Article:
Back in 2017, there was a 10% drop in loan scam complaints as well as fraud. The Federal Trade Commission reported in the US that American consumers had lost a whopping $905 million to scammers, which was $63 million above that recorded in 2016. While a reduction in complaints is because more emphasis was place don educating people on scams, raising awareness of them, and enforcing regulations to reduce fraud, there were still millions of dollars being sunk owing to scams and fraud.
There have never been more financial scammers than there are today, and these scammers are known to prey on the people who have a history of being denied a loan from banks or registered institutions. This is how they find their targets, and naturally, a person after a loan rejection will be desperate for money. They will be willing to take risky measures to get their hands on it to pay for whatever it is they need the money. A recent study by the University of Pennsylvania Wharton School of Business that seniors are the easiest targets for financial scammers. Still, Baby Boomers and Millenials impacted just as hard. Research further uncovered that one on three adults are victims of financial scammers.
Scammers either lure their victims by offering them sums of money with many perks, though sometimes they access the information of victims without their knowledge or permission. There are so many legitimate ways to get money, like adjustable mortgages, ETFs, brokerage accounts, borrowing from your 401K, variable-rate mortgages, and even payday lenders. Still, all of these platforms only make for more financial scamming as well. Online banking and processing of money and transactions have made scams even more prevalent.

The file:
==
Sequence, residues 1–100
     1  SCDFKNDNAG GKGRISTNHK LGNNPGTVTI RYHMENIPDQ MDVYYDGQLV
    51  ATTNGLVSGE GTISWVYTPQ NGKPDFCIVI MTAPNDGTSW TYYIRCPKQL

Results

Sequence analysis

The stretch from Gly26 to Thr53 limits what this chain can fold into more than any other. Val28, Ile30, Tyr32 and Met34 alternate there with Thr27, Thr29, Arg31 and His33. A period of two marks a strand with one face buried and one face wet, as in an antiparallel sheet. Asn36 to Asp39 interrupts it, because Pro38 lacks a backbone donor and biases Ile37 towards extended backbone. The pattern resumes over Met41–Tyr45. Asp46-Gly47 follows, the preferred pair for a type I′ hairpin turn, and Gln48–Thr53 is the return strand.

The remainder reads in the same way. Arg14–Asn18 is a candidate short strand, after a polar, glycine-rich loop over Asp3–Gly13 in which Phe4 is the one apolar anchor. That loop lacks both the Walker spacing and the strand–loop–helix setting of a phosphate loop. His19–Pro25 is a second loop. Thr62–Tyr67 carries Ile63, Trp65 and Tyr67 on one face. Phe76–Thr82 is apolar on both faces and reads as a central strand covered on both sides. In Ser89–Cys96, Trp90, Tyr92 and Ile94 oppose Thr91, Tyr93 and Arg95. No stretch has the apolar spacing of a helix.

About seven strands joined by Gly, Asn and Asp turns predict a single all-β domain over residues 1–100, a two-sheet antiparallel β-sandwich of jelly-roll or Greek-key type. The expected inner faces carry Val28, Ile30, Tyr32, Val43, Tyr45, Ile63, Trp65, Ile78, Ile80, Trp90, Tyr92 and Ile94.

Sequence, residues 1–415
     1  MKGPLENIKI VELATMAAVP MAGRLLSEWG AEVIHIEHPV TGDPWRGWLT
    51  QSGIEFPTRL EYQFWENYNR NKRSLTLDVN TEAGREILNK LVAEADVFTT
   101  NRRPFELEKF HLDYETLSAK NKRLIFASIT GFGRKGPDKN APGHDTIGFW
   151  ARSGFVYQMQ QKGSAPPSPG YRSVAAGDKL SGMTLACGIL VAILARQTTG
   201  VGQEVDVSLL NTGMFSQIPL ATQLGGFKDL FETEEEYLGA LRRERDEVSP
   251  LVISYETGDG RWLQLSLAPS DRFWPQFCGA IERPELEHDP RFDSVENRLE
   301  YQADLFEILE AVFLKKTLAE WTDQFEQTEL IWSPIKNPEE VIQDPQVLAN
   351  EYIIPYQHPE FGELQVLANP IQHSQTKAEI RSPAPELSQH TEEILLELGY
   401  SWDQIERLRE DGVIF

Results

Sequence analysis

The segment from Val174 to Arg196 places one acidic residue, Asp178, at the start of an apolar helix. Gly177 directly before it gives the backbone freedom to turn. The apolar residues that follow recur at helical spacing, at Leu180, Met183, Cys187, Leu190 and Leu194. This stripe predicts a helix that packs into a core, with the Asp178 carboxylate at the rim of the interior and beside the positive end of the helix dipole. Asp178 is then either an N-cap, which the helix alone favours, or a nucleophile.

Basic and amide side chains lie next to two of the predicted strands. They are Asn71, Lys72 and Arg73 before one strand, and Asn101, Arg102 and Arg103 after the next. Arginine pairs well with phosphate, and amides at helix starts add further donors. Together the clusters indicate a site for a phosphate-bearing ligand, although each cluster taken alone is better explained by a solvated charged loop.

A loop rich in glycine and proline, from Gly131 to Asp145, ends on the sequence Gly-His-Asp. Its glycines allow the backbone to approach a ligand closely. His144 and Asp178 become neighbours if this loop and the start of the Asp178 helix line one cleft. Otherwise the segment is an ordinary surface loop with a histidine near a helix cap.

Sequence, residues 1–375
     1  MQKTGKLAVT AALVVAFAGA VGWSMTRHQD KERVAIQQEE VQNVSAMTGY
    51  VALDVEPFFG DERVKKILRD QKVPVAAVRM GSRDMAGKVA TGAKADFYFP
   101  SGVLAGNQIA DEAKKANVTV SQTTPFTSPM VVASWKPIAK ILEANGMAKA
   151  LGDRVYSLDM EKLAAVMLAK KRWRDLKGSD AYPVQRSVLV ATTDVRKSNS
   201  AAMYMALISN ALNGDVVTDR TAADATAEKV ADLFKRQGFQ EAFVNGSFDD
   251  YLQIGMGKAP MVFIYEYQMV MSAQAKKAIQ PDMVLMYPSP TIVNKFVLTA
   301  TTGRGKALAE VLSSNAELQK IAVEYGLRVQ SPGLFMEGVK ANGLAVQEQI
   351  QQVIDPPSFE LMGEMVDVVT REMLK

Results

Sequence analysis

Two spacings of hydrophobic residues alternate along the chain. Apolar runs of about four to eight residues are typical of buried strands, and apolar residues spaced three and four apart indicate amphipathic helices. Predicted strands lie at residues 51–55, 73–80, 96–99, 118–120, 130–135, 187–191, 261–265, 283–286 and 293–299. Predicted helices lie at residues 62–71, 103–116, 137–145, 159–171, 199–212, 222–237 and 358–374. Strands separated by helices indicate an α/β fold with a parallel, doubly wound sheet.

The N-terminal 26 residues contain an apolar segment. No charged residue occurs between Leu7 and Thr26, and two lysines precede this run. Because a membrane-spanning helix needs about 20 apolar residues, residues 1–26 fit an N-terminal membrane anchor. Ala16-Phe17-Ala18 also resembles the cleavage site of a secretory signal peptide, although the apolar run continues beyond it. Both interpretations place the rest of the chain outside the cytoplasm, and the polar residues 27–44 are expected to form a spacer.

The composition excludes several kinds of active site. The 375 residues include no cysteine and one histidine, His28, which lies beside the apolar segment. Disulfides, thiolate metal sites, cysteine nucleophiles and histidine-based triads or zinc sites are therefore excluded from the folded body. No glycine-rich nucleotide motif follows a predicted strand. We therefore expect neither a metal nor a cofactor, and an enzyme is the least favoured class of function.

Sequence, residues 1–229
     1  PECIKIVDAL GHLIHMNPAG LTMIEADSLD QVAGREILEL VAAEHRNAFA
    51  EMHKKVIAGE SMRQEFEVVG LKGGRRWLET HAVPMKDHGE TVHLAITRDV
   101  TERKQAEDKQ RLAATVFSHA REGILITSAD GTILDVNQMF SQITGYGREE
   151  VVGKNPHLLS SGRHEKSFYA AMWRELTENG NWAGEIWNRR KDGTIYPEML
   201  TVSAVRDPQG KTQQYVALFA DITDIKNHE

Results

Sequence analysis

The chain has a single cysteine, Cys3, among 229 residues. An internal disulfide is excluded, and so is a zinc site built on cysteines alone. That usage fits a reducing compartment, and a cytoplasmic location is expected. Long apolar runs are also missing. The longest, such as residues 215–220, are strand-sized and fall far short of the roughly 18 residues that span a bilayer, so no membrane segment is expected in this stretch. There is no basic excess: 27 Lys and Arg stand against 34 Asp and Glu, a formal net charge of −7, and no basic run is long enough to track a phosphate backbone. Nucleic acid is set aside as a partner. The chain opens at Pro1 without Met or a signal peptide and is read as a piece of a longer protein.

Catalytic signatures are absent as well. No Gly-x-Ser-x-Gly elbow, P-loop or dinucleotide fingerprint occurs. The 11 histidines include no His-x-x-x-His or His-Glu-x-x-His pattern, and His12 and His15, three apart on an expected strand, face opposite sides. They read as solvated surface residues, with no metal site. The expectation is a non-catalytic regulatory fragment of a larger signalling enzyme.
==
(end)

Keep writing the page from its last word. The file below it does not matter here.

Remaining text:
You have to be aware that some investments are simply mutton dressed as lam – they are financial traps. Firstly, a car title loan – these types of loans use your vehicle as collateral, and you walk away with, generally, 50% of the vehicle’s value. Interest rates on such loans are typically 25 per month, and the full payment for this is usually to be made within 30 days of taking the loan. There are occasions when the amount is carried forward by another month, but the bottom line is that you can lose your car and end up paying far too much in interest. The government has even passed laws that limit this loan, which alone speaks volumes for why you should avoid them. Pawnshop loans work on a similar principle, and you should stay away from them too!
Cash advance loans and overdraft protection loans are two more types of loans that you should avoid. These loans will place you in a whole lot of debt, and if you don’t have money, to begin with, debt is the last thing you need. Turn to these in matters of extreme emergency only. Private student loans are another loan to avoid as the interest rates are usually far higher than the fixed federal standards, and the private institutions have variable rates, which doesn’t spell well for you financially.
Victims point out some warning signs to spot scammers. First of these are up-front fees. If a lender asks for you to send them money without disclosing the fees, this should ring warning bells in your head already. Legitimate lenders disclose all payments to borrowers, and these fees are generally rolled into the cost of the loan. Secondly, phone offers are illegal. All offers have to be in writing. Thirdly, wire transfers for fees are a raise for concern. You should never agree to wire money to anybody. It is safest to ask for a physical address if necessary. Lastly, if the lender is not at all interested in your credit history, it is highly likely that you are not dealing with a legitimate lender.
Ultimately, you have to do your research before entering into any agreements, and always verify whether a business is legitimate before you engage in any business with them. Of course, it is most advisable not to take a loan at all, but we understand that sometimes there are emergencies, and there are instances where there is no option. Be careful, be smart, and be vigilant!